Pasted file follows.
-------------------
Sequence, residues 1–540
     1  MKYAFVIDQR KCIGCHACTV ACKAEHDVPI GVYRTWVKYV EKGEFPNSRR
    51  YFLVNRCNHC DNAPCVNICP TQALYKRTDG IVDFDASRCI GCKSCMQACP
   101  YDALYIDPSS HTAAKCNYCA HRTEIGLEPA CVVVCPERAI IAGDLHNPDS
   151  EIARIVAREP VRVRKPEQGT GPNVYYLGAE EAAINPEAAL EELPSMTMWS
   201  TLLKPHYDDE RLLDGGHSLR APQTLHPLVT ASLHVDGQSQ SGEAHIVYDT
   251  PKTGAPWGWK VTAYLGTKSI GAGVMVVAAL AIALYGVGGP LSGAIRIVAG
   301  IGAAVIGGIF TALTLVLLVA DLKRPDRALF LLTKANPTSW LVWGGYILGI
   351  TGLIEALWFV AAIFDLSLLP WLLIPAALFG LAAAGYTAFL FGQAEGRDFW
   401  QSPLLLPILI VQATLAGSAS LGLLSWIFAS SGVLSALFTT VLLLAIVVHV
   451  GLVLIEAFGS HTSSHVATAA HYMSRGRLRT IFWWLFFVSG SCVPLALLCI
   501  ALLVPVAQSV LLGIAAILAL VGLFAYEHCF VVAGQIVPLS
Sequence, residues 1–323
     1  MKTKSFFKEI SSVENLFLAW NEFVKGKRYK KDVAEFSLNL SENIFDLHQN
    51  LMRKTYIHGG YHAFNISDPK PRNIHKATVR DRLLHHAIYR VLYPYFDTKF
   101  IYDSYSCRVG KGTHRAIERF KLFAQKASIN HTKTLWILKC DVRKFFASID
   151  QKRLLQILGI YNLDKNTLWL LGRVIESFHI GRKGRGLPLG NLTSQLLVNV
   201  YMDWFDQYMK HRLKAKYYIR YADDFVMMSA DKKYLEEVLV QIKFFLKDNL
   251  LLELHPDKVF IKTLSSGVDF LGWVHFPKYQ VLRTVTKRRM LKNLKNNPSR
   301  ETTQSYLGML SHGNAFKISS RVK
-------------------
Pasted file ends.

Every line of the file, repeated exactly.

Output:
Sequence, residues 1–540
     1  MKYAFVIDQR KCIGCHACTV ACKAEHDVPI GVYRTWVKYV EKGEFPNSRR
    51  YFLVNRCNHC DNAPCVNICP TQALYKRTDG IVDFDASRCI GCKSCMQACP
   101  YDALYIDPSS HTAAKCNYCA HRTEIGLEPA CVVVCPERAI IAGDLHNPDS
   151  EIARIVAREP VRVRKPEQGT GPNVYYLGAE EAAINPEAAL EELPSMTMWS
   201  TLLKPHYDDE RLLDGGHSLR APQTLHPLVT ASLHVDGQSQ SGEAHIVYDT
   251  PKTGAPWGWK VTAYLGTKSI GAGVMVVAAL AIALYGVGGP LSGAIRIVAG
   301  IGAAVIGGIF TALTLVLLVA DLKRPDRALF LLTKANPTSW LVWGGYILGI
   351  TGLIEALWFV AAIFDLSLLP WLLIPAALFG LAAAGYTAFL FGQAEGRDFW
   401  QSPLLLPILI VQATLAGSAS LGLLSWIFAS SGVLSALFTT VLLLAIVVHV
   451  GLVLIEAFGS HTSSHVATAA HYMSRGRLRT IFWWLFFVSG SCVPLALLCI
   501  ALLVPVAQSV LLGIAAILAL VGLFAYEHCF VVAGQIVPLS
Sequence, residues 1–323
     1  MKTKSFFKEI SSVENLFLAW NEFVKGKRYK KDVAEFSLNL SENIFDLHQN
    51  LMRKTYIHGG YHAFNISDPK PRNIHKATVR DRLLHHAIYR VLYPYFDTKF
   101  IYDSYSCRVG KGTHRAIERF KLFAQKASIN HTKTLWILKC DVRKFFASID
   151  QKRLLQILGI YNLDKNTLWL LGRVIESFHI GRKGRGLPLG NLTSQLLVNV
   201  YMDWFDQYMK HRLKAKYYIR YADDFVMMSA DKKYLEEVLV QIKFFLKDNL
   251  LLELHPDKVF IKTLSSGVDF LGWVHFPKYQ VLRTVTKRRM LKNLKNNPSR
   301  ETTQSYLGML SHGNAFKISS RVK